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Breast Cancer: Lifelines for Women, Men and Families

Torso of man in grey tank wearing breast cancer ribbon

As a health psychologist dedicated to research and clinical efforts to enhance the quality of life and care of those facing cancer, I’ve come to see the many types of support breast cancer patients seek. This work led to my founding the Bronx Oncology Living Daily (BOLD Living) Program in 2008. The program has since grown to encompass counseling, support groups and community cancer education. It’s also led to creation of a wellness workshop program centered on mind-body issues, creative arts, fitness and nutrition, along with peer-support services for patients and families through BOLD Buddies (cancer survivor volunteers) and BOLD Brother/Sister peer mentors (teens and young adults who have cared for parents with cancer).

On a more personal level, this program had its origins in my mother’s breast cancer experience, during which she underwent surgery, chemotherapy and radiotherapy. She was a help-seeker and, fortunately, we lived in New Haven, where an innovative program called Exceptional Cancer Patients offered support groups that included a focus on mind, body and spirit for both of us during that difficult time. Sadly, my mom lost her battle at age 43. Her desire to share her story and to seek out many forms of self-care and complementary medicine inspired me to help others find the comfort and support they need during their cancer journeys.

An Unexpected Breast Cancer Threat

In 2009 another member of my family was diagnosed with breast cancer—my uncle on my father’s side. My uncle’s cancer experience was similar to my mother’s, though he made some quite different choices.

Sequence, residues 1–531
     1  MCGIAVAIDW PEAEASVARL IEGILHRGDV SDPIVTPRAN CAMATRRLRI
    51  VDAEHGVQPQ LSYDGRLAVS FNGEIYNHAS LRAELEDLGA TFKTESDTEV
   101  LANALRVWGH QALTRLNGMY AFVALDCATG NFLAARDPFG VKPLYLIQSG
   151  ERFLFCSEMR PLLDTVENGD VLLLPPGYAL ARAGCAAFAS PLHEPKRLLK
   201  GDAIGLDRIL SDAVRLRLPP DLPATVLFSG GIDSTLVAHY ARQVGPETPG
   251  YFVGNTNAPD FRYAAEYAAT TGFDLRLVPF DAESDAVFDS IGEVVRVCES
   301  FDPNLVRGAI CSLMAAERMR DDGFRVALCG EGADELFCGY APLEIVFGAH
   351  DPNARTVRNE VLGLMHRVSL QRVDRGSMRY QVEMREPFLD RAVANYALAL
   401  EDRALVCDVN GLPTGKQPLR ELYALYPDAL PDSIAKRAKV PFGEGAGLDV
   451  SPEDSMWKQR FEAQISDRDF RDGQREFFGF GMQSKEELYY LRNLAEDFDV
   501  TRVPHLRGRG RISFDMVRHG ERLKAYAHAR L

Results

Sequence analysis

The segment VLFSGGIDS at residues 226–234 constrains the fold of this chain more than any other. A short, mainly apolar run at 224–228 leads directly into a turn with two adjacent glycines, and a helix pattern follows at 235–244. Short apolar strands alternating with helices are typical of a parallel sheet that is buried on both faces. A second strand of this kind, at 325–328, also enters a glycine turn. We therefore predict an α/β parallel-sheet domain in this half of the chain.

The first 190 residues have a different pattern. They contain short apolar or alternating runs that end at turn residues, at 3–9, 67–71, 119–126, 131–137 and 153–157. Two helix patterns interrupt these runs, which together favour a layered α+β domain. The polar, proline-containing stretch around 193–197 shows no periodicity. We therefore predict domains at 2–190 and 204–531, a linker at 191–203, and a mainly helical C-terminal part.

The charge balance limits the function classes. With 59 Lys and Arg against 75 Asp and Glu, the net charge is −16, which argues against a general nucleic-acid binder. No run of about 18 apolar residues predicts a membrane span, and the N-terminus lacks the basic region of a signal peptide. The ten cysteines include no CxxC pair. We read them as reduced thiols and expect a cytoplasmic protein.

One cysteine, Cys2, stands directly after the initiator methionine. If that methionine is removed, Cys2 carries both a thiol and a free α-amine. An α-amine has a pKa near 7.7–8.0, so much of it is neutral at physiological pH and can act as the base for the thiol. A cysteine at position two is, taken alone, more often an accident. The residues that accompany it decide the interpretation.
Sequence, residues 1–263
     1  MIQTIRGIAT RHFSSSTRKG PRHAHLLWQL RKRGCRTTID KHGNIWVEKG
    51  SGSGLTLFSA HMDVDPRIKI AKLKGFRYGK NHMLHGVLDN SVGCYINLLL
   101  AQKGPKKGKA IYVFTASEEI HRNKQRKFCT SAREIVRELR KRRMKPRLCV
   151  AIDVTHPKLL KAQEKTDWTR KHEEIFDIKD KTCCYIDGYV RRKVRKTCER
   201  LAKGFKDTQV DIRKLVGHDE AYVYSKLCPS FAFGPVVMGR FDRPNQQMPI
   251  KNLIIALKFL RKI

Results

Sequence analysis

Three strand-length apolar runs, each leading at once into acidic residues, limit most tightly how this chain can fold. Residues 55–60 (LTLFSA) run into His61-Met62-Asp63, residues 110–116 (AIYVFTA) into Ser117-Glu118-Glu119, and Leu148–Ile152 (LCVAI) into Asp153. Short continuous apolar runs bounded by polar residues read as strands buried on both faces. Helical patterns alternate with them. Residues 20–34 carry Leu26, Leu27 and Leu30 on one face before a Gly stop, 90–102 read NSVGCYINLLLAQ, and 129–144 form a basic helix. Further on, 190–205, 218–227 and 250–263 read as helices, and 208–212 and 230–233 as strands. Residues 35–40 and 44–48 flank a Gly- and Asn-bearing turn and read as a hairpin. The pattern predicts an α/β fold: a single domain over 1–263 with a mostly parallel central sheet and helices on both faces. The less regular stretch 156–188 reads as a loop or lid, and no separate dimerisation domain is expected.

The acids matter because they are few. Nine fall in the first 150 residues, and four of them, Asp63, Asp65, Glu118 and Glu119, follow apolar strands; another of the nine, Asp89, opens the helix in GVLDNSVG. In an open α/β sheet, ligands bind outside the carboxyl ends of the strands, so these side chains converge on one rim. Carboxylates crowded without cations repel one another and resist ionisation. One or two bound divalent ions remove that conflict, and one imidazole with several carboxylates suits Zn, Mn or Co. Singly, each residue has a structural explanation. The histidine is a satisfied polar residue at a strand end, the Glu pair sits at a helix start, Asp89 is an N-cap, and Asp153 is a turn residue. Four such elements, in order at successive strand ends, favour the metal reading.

First off, the odds of this happening were really low. In 2018, only about 2,550 men are expected to be diagnosed with the disease. He was, like many men, unaware that men get breast cancer, and it was only several months after finding a cyst that he sought treatment. At age 67 he was diagnosed and underwent a mastectomy, chemotherapy and hormonal therapy, resulting in a host of challenging side effects; he recalls having a very high fever and a dangerous drop in both his white and red blood cell counts, along with other problems. My uncle did not share his experience or participate in cancer-support services.

I recently asked him about his cancer and he said that, like many men with the disease, he knew of no one like himself, and he had moved through the journey without a guide.

Before cancer, he was a gifted flamenco guitarist who enjoyed playing and performing with friends. After cancer, he struggled to regain his facility and endurance. While he didn’t seek help for these issues, he continued to play daily. It was part of his own personal coping program. He’s now well, active and performing his arpeggios with melodic results, if not with ease.

In telling the tale, he was never embarrassed about or ashamed of the disease, saying “It is what it is.”